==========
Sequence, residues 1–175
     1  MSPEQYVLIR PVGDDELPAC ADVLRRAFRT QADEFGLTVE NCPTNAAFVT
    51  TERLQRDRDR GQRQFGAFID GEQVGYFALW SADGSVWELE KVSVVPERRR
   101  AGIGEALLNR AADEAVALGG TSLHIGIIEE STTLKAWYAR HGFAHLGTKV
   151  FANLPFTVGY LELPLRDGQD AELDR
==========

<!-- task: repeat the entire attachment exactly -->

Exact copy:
Sequence, residues 1–175
     1  MSPEQYVLIR PVGDDELPAC ADVLRRAFRT QADEFGLTVE NCPTNAAFVT
    51  TERLQRDRDR GQRQFGAFID GEQVGYFALW SADGSVWELE KVSVVPERRR
   101  AGIGEALLNR AADEAVALGG TSLHIGIIEE STTLKAWYAR HGFAHLGTKV
   151  FANLPFTVGY LELPLRDGQD AELDR